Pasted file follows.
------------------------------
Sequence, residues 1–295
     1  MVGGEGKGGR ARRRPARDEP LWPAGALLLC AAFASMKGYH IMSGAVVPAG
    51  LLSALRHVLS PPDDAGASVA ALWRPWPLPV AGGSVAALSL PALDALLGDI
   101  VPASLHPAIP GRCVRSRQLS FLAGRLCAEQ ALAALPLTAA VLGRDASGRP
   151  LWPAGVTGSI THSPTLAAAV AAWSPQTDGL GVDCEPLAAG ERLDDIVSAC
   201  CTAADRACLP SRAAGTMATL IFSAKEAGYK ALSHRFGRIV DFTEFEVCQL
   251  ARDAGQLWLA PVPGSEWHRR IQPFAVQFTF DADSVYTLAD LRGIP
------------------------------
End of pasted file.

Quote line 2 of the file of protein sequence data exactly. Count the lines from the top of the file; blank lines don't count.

     1  MVGGEGKGGR ARRRPARDEP LWPAGALLLC AAFASMKGYH IMSGAVVPAG